Hinterland appears to be a game about building the fantasy village you'd see in your run-of-the-mill role-playing game. You have wizards and knights and trolls. You have loot and levels and taverns. In fact, Hinterland is really about Westward Expansion -- improving a town so that you can draw in immigrants, and wiping out any nests of savages that are in the way of progress. If they happen to drop a nice weapon or give you access to a rich resource, so much the better. And if the people in your village aren't powerful enough to help you, you can kick them out of their homes so someone more useful can move in. Why keep a level 2 farmer around when a level 7 farmer is faster on the draw?
Once you start thinking deeply about Hinterland, you discern that every medieval fantasy city is built on the dirty secret that the goblins were probably there first and wouldn't have attacked your settlement. But they have stuff you want, so off with their heads. Your king is an absentee landlord who will ask for taxes in gold or food but give you almost nothing in return, even when ogres and giants are killing you every other day. It's no wonder that these places need parties of heroes to get them out of trouble.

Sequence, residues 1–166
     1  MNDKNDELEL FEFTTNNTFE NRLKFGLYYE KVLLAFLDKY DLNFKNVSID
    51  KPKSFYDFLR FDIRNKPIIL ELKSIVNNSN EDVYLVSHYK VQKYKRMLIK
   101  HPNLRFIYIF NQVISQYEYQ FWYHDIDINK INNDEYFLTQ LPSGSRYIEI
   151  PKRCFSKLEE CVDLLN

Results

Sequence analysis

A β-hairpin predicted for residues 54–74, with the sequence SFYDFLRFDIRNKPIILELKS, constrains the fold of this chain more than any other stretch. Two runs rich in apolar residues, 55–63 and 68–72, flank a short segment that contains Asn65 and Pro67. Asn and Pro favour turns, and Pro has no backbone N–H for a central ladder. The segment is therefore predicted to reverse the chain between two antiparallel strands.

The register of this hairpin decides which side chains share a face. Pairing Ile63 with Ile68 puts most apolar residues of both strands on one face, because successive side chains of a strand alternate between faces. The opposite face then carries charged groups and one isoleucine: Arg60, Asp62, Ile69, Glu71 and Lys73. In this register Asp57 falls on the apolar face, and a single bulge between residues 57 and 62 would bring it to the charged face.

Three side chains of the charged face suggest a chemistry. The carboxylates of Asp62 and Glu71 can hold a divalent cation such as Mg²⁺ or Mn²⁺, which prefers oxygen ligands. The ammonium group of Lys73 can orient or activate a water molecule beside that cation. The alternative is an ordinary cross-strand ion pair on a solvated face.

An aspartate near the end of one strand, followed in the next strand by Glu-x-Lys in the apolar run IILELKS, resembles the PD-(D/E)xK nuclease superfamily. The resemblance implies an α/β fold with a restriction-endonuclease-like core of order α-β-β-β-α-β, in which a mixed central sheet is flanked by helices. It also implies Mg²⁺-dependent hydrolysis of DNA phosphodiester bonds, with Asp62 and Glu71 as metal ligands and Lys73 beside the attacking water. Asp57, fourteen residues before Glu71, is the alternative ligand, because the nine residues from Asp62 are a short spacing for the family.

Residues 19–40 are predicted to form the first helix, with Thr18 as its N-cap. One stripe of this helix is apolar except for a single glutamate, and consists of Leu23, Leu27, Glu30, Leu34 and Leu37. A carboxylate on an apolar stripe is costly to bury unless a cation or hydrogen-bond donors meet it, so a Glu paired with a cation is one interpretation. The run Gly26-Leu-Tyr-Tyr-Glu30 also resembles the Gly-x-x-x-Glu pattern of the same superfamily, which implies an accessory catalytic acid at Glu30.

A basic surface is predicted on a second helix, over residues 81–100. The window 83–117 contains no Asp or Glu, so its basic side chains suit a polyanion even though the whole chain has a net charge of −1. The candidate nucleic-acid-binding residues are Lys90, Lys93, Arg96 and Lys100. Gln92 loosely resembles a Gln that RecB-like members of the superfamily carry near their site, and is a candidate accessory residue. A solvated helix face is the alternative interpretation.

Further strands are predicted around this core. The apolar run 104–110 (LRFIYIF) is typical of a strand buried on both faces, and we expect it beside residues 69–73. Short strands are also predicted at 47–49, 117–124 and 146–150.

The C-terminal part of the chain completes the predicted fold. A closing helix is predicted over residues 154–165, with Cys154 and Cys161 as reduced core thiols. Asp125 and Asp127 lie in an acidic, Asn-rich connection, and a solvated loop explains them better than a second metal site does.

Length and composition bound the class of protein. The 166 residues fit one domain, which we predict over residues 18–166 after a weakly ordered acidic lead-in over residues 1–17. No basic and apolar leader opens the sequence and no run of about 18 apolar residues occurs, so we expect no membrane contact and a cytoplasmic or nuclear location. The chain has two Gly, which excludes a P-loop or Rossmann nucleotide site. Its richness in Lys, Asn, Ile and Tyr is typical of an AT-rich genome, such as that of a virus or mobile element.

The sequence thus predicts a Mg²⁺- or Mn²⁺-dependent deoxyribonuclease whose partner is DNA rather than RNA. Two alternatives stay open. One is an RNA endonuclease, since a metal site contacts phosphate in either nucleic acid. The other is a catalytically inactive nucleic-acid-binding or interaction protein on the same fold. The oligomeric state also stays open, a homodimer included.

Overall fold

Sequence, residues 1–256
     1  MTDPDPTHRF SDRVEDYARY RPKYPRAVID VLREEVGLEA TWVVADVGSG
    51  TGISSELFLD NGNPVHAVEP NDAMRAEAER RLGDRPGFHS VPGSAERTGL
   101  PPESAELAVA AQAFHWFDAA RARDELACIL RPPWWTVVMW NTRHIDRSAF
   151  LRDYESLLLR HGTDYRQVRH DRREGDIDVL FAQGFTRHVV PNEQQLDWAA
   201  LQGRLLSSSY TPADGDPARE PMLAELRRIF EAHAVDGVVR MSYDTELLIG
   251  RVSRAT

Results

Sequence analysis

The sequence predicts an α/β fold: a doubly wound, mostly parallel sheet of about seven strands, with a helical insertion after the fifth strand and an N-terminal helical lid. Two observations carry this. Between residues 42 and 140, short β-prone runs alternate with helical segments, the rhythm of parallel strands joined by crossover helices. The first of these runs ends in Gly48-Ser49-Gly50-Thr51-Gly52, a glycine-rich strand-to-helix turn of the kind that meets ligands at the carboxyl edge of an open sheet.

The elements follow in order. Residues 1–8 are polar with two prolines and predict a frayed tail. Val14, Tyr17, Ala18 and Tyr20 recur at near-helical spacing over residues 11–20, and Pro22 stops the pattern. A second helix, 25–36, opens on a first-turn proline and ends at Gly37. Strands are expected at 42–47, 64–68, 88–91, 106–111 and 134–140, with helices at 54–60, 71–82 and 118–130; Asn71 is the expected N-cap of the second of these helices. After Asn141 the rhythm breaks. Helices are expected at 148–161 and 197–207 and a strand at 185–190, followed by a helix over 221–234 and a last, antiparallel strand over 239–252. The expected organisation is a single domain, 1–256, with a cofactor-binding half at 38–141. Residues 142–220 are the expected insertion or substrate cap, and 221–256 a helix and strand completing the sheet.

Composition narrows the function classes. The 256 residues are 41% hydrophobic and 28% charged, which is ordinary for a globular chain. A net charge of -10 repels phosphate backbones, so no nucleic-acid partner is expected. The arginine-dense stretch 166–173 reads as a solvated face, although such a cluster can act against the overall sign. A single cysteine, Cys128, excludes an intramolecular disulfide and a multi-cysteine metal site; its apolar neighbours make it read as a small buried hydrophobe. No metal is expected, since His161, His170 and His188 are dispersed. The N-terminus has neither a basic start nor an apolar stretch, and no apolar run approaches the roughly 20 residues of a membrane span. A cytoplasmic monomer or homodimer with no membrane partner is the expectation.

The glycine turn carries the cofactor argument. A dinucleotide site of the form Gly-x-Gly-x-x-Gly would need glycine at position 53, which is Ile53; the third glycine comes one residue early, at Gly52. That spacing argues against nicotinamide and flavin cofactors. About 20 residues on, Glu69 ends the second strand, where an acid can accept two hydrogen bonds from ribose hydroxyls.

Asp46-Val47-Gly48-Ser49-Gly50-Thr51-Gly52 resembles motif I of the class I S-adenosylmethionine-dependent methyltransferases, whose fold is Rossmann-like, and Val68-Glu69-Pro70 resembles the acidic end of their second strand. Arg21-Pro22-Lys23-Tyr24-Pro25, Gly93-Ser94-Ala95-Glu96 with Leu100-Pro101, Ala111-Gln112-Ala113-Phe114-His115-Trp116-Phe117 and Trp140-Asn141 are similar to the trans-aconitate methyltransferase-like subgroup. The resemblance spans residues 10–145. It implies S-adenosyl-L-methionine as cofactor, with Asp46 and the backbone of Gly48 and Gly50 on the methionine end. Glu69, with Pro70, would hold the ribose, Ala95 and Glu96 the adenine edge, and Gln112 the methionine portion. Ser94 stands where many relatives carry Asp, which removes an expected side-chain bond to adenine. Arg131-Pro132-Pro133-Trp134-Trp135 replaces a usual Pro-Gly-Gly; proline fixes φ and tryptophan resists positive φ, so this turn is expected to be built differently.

In Hinterland, you are the city founder, a hero commissioned to tame the wilderness. You start with a need for food and gold. Immigrants occasionally drop by to take residence, but will only settle if you meet their price and their specific demands. Necromancers will need a graveyard and a temple of evil. Bards want a musical instrument. Even building upgrades is contingent on securing the right resource, be that a source of fresh water or a dragon egg. The more famous you are, the better the immigrants who come to your doorstep, and the only way to become famous is to go a-slaying.
So you explore the hinterland, killing everything that's in your path and leveling up along the way. You can bring up to three other villagers with you, but if they leave town they can't do their jobs. If your blacksmith gets killed while adventuring, you'll need to find a new one. Once you hit a certain critical mass of villagers, however, these choices drop in importance. The new big choice is when and where to explore. But if your village is raided by hostiles while you are out gallivanting in gnoll country, it falls upon your villagers to defend the homestead, and many of them may not be up for the job. Once you take your most powerful villagers on a grand adventure, who will keep the monsters away?
These city raids can quickly lead you to an infinite spiral of doom. If a mob shows up and kills you, you lose fame. You resurrect with half of your hit points, but if the monsters are strong enough, you may die again or lose your best fighters while you rush to the scene of battle. This can happen over and over. Once you have negative fame, you have a small window to get back in the king's good graces, but by then it can be a lost cause.